A breastfeeding woman is diagnosed with tinea corporis involving her chest, breasts, and abdomen. She would like to pursue treatment with both oral and topical medications and is wondering what oral medication would be safest for breastfeeding. She also asks you if she can continue to breastfeed her infant. What advice should you give this patient?

The American Academy of Pediatrics recommends exclusive breastfeeding for the first 6 months of life.1 Many women become discouraged when a clinician advises them to pump and dump or take a break from breastfeeding when taking certain medications or if they develop an infection.

Clinicians may not realize that any pauses in breastfeeding can dramatically decrease breastmilk supply. There are very few scenarios when a physician should discourage breastfeeding or advise a patient to discard expressed breastmilk. The case patient should be counseled about the contagious nature of tinea corporis. Specifically, she should be advised if the child’s scalp becomes infected (tinea capitis), the child will require systemic treatment. However, if the affected areas on the patient can be covered during breastfeeding to avoid skin-on-skin contact, the patient may decide to continue breastfeeding.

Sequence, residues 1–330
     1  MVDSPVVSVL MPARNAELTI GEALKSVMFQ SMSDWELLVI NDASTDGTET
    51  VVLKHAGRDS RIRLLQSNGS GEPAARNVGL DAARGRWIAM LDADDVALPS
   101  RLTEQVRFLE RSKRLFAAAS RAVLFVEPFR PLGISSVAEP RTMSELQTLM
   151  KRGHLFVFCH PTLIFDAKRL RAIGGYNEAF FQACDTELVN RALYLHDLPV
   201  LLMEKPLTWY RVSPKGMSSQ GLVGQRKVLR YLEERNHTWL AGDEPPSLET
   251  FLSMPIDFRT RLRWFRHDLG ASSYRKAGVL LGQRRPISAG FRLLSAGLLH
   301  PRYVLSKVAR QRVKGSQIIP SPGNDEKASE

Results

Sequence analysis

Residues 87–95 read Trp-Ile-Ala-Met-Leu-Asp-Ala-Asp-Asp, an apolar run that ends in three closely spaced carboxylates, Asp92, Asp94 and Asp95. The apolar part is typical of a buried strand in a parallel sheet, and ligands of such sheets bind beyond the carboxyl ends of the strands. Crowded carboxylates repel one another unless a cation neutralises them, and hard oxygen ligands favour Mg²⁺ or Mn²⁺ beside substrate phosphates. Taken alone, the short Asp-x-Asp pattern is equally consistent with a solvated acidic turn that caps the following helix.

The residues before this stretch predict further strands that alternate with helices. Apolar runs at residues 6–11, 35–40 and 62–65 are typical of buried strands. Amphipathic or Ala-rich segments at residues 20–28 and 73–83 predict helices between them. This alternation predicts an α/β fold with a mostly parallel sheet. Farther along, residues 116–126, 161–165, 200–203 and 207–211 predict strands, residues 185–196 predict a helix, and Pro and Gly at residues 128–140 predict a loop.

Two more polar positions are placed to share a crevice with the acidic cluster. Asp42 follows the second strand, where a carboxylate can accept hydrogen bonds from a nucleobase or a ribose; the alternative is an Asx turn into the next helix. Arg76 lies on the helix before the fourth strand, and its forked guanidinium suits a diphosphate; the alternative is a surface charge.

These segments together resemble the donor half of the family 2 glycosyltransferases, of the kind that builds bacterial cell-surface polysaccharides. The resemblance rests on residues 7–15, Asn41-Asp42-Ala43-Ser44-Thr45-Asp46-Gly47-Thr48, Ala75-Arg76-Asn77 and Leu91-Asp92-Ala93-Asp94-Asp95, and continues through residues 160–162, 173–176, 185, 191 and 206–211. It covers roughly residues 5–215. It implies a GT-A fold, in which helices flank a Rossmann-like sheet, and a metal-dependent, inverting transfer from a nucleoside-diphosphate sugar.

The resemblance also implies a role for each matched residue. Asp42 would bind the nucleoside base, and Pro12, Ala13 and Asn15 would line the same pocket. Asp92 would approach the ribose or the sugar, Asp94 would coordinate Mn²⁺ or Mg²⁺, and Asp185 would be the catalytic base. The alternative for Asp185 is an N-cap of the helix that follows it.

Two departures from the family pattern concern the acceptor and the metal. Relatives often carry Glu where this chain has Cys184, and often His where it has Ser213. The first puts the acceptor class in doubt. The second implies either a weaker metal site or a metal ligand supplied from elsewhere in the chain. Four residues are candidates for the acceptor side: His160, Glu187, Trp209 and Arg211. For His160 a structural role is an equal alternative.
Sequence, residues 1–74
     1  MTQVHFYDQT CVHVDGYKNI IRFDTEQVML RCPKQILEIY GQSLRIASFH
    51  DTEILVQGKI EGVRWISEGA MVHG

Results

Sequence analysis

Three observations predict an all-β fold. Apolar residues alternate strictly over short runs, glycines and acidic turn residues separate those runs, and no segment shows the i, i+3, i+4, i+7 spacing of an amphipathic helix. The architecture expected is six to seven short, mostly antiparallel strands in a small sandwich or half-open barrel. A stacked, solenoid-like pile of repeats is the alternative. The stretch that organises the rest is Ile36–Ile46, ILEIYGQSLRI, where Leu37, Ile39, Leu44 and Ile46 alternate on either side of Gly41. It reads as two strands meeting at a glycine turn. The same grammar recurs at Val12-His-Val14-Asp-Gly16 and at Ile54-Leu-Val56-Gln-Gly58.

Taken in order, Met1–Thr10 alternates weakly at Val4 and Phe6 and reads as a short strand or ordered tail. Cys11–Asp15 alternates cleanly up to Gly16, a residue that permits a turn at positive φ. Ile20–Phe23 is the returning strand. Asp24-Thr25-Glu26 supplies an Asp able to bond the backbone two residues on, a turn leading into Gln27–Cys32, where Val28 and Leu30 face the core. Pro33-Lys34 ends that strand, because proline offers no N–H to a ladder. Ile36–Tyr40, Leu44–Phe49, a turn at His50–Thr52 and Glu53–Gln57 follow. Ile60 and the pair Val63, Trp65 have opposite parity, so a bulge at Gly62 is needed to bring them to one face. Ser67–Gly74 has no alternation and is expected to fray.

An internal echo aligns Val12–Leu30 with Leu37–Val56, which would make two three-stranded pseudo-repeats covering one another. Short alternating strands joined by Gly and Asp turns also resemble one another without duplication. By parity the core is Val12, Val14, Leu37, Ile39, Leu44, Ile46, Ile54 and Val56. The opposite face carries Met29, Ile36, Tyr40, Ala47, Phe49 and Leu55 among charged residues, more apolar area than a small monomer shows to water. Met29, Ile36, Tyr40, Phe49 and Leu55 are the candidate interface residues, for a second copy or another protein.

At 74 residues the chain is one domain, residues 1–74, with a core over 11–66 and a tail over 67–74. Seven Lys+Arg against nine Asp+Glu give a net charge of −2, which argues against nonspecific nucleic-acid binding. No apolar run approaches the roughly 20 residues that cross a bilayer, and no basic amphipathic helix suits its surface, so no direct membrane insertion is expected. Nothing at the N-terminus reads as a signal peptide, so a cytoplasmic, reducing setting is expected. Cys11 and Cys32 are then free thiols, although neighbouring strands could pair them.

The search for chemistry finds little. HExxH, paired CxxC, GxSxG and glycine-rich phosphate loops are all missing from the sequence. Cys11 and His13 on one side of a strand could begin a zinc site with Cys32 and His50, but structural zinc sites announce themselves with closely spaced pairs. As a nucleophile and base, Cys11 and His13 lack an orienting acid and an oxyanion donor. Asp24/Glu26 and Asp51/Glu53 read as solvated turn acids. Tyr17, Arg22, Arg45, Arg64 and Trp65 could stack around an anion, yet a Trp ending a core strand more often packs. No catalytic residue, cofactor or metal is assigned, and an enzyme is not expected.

Oral fluconazole is considered safe during breastfeeding, and a 150 mg weekly dose for 2 to 4 weeks is an effective treatment for tinea corporis.2 Among other antifungal options, terbinafine has no significant data to assess potential risks to a breastfeeding infant or effects on milk production, and griseofulvin should be avoided as it is thought to be tumorigenic.3

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Paternalistic counseling styles should be avoided. Instead, discuss all treatment options, acknowledge that limited lactation data is available, and allow the patient to make the best decision for her and her child.

Nicole Papac, MD, is a dermatology resident at the University of Oklahoma Health Sciences Center, College of Medicine, Oklahoma City, Oklahoma; Ryan McIntire, BS, is a medical student at Oklahoma State University Center for Health Sciences, Tulsa, Oklahoma.

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1. Meek JY, Noble L. Section on breastfeeding. Policy statement: breastfeeding and the use of human milk. Pediatrics. 2022;150(1):e2022057988. doi:10.1542/peds.2022-057988
2. Sahoo AK, Mahajan R. Management of tinea corporis, tinea cruris, and tinea pedis: a comprehensive review. Indian Dermatol Online J. 2016;7(2):77-86. doi:10.4103/2229-5178.178099
3. Prabhu SS, Sankineni P. Managing dermatophytoses in pregnancy, lactation, and children. Clin Derm Review. 2017;1(3):34.